To conceal her misappropriations, the office manager altered and fabricated closing documents including disbursement sheets, HUD-1 settlement statements and notations on cancelled checks. She also falsely assured Guida that the accounts were being reconciled and were being reviewed by both inside accounting staff and outside accountants, by the title insurance company and by bookkeepers employed by the firm. Neither the bookkeepers nor the accountant were in fact reviewing or reconciling the IOLTA account and the quality reviews by the title insurer were limited in scope and did not include a review of any reconciliation reports or other financial records except a review of bank statements to confirm positive balances.

The respondents had misplaced trust in the office manager and failed to take adequate steps to verify that the oral assurances provided by the office manager to Guida were true, including failing to independently verify whether the IOLTA account was in fact being properly reconciled, failing to confirm that either the outside accountant or the bookkeepers and accounting staff were properly reconciling or reviewing reconciliations of the IOLTA account and failing to ascertain the limited nature of the title insurer's quality reviews.

Guida left G&P in April of 2004. Beginning in May 2004, in part as a result of receipt of notice of a dishonored check, Perry began an investigation of the office manager's handling of G&P’s IOLTA and other accounts. Perry retained outside counsel and an accountant to assist him as well as certain members of his staff in whom he had confidence. As a result of his investigation, he discovered the conversion of trust funds and other financial improprieties.

On September 2, 2004, after discovering the scheme, Perry fired the office manager and other employees that he believed were working in concert with her. Through counsel, he filed civil complaints and obtained restraining orders attaching the assets of these individuals. In addition, Perry promptly notified bar counsel, state and federal law enforcement offices and the title insurance company for which he was an issuing agent about the office manager's actions.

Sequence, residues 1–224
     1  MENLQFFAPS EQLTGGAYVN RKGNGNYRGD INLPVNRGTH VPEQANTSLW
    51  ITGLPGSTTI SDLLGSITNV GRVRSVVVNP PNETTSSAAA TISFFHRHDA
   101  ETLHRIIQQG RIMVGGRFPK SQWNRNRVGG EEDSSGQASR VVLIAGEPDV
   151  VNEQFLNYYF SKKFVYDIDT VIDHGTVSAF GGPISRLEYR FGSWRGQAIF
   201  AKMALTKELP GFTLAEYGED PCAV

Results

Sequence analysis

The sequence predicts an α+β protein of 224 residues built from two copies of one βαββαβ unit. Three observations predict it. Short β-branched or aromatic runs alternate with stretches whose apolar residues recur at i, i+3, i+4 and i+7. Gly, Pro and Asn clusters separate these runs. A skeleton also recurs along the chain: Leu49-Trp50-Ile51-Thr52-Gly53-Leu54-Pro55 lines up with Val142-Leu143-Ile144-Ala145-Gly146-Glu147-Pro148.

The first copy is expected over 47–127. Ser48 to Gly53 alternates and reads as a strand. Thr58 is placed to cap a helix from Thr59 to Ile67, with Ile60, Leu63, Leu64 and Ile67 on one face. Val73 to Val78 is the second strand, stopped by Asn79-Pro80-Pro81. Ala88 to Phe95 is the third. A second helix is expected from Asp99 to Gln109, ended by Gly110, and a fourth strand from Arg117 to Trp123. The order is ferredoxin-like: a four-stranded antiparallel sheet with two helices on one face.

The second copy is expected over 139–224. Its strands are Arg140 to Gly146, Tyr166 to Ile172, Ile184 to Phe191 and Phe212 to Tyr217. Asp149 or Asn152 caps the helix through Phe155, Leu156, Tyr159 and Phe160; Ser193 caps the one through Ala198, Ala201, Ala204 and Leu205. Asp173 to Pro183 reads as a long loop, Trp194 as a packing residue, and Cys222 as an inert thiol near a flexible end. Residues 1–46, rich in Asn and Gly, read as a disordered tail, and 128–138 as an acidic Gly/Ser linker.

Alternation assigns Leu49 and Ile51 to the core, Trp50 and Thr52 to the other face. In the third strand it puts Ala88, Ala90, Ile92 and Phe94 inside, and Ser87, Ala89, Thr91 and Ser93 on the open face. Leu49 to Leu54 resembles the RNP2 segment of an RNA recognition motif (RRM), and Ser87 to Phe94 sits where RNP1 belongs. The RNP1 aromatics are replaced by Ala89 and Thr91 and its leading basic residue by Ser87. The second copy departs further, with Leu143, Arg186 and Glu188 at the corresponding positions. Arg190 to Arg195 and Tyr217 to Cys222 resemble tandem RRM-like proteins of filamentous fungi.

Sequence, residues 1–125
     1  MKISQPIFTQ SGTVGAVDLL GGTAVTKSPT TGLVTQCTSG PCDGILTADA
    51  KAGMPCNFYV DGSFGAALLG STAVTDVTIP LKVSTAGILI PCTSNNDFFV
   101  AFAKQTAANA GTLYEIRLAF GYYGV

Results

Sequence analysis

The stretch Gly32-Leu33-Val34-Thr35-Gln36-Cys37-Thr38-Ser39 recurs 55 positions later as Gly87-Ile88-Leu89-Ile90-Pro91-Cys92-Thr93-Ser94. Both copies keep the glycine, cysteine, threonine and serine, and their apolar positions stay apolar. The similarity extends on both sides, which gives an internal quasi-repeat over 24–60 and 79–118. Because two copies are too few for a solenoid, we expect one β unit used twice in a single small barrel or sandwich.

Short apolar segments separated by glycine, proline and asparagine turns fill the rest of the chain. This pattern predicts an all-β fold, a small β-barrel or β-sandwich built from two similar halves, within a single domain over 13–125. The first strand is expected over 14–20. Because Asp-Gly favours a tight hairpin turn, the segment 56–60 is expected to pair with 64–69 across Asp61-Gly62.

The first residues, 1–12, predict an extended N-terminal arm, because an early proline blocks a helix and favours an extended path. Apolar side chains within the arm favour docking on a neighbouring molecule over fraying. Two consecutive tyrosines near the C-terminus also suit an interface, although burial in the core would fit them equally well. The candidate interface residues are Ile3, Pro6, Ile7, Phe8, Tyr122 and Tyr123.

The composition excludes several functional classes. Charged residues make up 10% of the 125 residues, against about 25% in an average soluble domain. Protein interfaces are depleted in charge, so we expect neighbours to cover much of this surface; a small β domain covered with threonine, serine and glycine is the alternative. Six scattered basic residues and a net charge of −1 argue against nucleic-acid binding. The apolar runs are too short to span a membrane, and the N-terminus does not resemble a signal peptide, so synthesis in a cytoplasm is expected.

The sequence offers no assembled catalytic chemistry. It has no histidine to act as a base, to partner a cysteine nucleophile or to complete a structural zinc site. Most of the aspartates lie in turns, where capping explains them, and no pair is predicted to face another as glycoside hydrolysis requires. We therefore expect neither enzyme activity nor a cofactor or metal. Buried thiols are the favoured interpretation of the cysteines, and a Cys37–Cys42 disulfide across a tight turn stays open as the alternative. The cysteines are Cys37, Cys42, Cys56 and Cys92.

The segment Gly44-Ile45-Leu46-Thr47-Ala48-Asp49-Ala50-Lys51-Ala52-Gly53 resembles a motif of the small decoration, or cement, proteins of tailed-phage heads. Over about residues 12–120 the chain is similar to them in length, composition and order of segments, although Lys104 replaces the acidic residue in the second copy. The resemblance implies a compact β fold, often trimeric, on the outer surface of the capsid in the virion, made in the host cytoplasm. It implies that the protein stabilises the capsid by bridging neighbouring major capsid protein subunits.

Persons and entities due payments from closings conducted by G&P in or before May 2004 were actually deprived of their funds. As of December 15, 2004, the title insurer paid claims or honored unpaid checks totaling $1,423,818.60. At that time, there were still unknown and outstanding claims for holdbacks. The respondents in all instances either paid the claims or made arrangements satisfactory to the claimants to pay the claims.

Various litigation was instituted among the respondents, staff members and the title insurer. All suits were settled in January 2005, with the title insurer being paid $800,000 by the office manager, $200,000 by Guida and $50,000 by Perry. No party admitted misconduct. Neither Perry nor Guida knowingly received any financial benefit from the office manager’s fraudulent conduct.

By delegating complete responsibility to the office manager and bookkeeping staff for their IOLTA accounts; by each personally failing to supervise and monitor the office manager and staff to insure that G&P’s accounts were managed in a manner compatible with the firm's professional obligations; and by failing to maintain or cause to be maintained adequate and accurate records of the receipt, maintenance, and disposition of client and other trust funds, the respondents violated Mass. R. Prof. C. 1.15(a) and (b) as in effect prior to July 1, 2004, as well as Mass. R. Prof. C. 1.3 and 5.3.

By failing to safeguard client funds; by turning over control of trust accounts to the office manager and bookkeeping staff without ensuring that they were conducting themselves in a manner compatible with the firm's professional obligations; and by failing promptly to pay funds due to clients and third persons, the respondents violated Mass. R. Prof. C. 1.15(a) and (b) as in effect prior to July 1, 2004, as well as Mass. R. Prof. C. 1.3 and 5.3.

In mitigation, the respondent Perry self-reported this matter to bar counsel and the firm made prompt efforts and took remedial actions to ensure that disbursements were ultimately paid, the title insurer’s losses were settled and the alleged fraud was reported to the appropriate authorities.

This matter came before the Board of Bar Overseers on a stipulation of facts and rules violations and a joint recommendation that a sanction of public reprimand be imposed on each respondent. On November 10, 2008, the Board voted to accept the stipulation of the parties and to administer a public reprimand to each respondent.

1 Compiled by the Board of Bar Overseers based on the record of proceedings before the Board.